The role of these small businesses as LSPs is not only to provide TEP, but also to provide infrastructure and workflow support, especially in large accounts projects, for which it is difficult to get as many resources with the specific account profile and manage quality control efficiency at the same time. Small translation agencies then act as partners for global agencies, assisting the translation process, supplying revision teams, controlling quality to apply LQAs (language quality assurance), manage glossaries, and act as an intermediary between client and translators, etc., and relying on a team of project managers specifically dedicated to these accounts.

Working With Freelancers – Easier on the Wallet

But for small agencies, is it advantageous to have these customers? If the global agency pays a fair price for such an important and complex partnership, that’s fine. As we know, in France, legal entities are submitted to a large tax and health insurance burden. That makes it very complex for companies to hire employees to perform some of the functions that require a greater commitment to work translation. Working with independent professionals (or freelancers) is a way out, but as these professionals have numerous clients, it becomes complicated to require a quasi-exclusive commitment from them if they have other fish to fry.

Working With the Biggest Translation Agencies to Be Better Trained

Still, it is advantageous to work translation with global agencies, not only for turnover, but also for the opportunity to learn more about the latest tools and trends in the marketplace. Depending on the partnership that translation agencies have with global agencies, their employees are trained, deal with their direct clients on some tasks, and even travel to other countries to test products and perform specific projects. On the other hand, it may be difficult for the small business to handle the volumes of this type of customer, since maintaining a portfolio of available employees can be challenging. And, in general, global agencies specify minimum weekly contract volumes, so you have to prepare well to combine time and quality.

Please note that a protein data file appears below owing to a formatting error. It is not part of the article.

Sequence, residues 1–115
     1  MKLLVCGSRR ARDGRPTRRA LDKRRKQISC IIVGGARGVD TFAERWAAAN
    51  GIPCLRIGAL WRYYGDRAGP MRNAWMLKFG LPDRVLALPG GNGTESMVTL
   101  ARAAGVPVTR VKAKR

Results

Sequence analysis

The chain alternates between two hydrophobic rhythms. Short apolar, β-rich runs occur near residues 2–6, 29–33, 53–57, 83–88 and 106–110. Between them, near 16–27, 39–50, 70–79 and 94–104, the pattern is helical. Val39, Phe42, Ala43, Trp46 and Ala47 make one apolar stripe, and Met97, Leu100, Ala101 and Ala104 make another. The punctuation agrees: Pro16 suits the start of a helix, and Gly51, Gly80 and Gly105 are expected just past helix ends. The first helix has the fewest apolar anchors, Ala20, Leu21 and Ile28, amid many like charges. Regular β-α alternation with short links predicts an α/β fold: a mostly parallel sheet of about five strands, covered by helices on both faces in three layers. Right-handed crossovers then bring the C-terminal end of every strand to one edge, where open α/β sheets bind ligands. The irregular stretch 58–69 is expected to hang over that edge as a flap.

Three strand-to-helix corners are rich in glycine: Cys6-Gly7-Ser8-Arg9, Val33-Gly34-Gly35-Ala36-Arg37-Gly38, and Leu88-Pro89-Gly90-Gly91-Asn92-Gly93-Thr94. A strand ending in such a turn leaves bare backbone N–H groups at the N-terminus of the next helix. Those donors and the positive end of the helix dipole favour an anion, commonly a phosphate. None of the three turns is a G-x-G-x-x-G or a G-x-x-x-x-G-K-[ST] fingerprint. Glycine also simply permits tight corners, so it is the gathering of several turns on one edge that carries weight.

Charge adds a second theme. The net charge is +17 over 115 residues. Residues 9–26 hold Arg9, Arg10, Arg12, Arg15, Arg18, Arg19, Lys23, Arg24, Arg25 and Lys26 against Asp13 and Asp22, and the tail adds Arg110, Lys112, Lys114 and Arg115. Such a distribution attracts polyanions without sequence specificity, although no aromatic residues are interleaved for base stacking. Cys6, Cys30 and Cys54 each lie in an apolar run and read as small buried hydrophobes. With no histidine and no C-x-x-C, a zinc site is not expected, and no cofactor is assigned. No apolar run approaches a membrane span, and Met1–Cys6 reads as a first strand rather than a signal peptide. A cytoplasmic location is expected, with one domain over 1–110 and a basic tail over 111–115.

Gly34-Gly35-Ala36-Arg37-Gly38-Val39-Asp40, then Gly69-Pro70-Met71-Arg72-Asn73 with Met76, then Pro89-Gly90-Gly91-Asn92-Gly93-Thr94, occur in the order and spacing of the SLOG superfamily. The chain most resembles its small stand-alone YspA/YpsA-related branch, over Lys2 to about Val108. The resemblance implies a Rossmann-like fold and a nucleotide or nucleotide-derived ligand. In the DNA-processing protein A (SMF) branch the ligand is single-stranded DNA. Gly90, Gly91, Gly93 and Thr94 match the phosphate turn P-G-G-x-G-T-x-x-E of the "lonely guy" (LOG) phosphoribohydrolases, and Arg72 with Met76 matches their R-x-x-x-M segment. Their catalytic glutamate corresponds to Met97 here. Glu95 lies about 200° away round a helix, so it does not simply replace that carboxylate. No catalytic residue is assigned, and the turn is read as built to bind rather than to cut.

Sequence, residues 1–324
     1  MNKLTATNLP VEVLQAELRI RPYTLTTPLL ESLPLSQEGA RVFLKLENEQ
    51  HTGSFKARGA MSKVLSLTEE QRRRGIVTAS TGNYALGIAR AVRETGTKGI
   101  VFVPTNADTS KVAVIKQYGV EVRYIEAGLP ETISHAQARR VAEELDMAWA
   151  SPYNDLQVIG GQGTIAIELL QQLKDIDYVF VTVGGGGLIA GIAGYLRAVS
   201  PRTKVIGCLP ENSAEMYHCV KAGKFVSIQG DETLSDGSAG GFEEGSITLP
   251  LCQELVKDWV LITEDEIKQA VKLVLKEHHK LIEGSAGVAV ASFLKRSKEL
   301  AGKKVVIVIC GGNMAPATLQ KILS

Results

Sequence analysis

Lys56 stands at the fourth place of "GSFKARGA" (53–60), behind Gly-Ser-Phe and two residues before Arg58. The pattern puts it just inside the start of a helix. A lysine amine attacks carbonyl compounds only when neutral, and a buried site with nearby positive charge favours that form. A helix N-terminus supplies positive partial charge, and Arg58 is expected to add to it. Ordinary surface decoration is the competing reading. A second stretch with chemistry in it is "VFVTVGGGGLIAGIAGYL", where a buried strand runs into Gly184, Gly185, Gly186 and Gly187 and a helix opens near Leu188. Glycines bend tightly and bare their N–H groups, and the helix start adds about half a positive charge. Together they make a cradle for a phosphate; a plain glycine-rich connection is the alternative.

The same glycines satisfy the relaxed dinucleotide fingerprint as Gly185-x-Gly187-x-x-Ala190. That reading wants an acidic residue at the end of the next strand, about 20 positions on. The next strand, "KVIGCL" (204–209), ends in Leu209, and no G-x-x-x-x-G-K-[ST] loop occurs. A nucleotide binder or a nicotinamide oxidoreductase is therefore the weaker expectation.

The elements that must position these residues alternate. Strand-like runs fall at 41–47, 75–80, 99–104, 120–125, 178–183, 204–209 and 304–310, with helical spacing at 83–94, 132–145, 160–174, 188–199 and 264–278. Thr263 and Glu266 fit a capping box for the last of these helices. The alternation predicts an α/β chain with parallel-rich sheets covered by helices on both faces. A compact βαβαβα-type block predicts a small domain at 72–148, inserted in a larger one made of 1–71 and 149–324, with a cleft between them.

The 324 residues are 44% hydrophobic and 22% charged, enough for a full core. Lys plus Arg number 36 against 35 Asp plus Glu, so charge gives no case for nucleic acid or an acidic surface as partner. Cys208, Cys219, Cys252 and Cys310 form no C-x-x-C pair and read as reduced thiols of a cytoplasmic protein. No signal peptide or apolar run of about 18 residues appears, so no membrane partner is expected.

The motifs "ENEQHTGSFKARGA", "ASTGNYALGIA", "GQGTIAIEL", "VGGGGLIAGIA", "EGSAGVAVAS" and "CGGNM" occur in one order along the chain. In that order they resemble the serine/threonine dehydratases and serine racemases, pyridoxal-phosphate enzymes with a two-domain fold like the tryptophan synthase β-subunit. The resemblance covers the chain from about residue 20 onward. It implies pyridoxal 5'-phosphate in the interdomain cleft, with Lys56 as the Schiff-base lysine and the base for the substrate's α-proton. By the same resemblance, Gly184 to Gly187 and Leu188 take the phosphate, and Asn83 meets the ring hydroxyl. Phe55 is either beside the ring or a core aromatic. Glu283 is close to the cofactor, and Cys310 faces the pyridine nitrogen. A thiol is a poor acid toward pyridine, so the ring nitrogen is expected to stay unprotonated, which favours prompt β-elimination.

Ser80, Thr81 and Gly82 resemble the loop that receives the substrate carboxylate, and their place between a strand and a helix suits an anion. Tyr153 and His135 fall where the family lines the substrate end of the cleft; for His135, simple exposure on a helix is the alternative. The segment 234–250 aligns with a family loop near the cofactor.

Smaller translation agencies – a Better Understanding of Freelance Translators

For the independent translator, having a small translation agency as a client is a way for them to work translation with professionals who could potentially understand the role of translators and the difficulties they encounter with specific projects. It is the chance to work with those who already went through these difficulties and probably already have solutions for some of them. The ultimate goal being: keep the customer happy.

We Are All in the Same Boat

The truth of the matter is: we are all in the same boat. So we all need – translators, proofreaders, agencies – to leave prejudices aside and try to maintain a healthy relationship, always, communicating as much as we can about the role of each party in this relationship and tariffs, the real taboo between us. Keep in mind that our goals are the same, so if we have a good relationship, we all profit, both in revenue and in knowledge. To reach this point, it is necessary to think about which role each party play in the translation industry and, rather than competing, trying to improve our partnerships.

Translator “à la carte”

Healthy eating with French breakfast

Healthy eating for freelance translators

Translating from home and eating well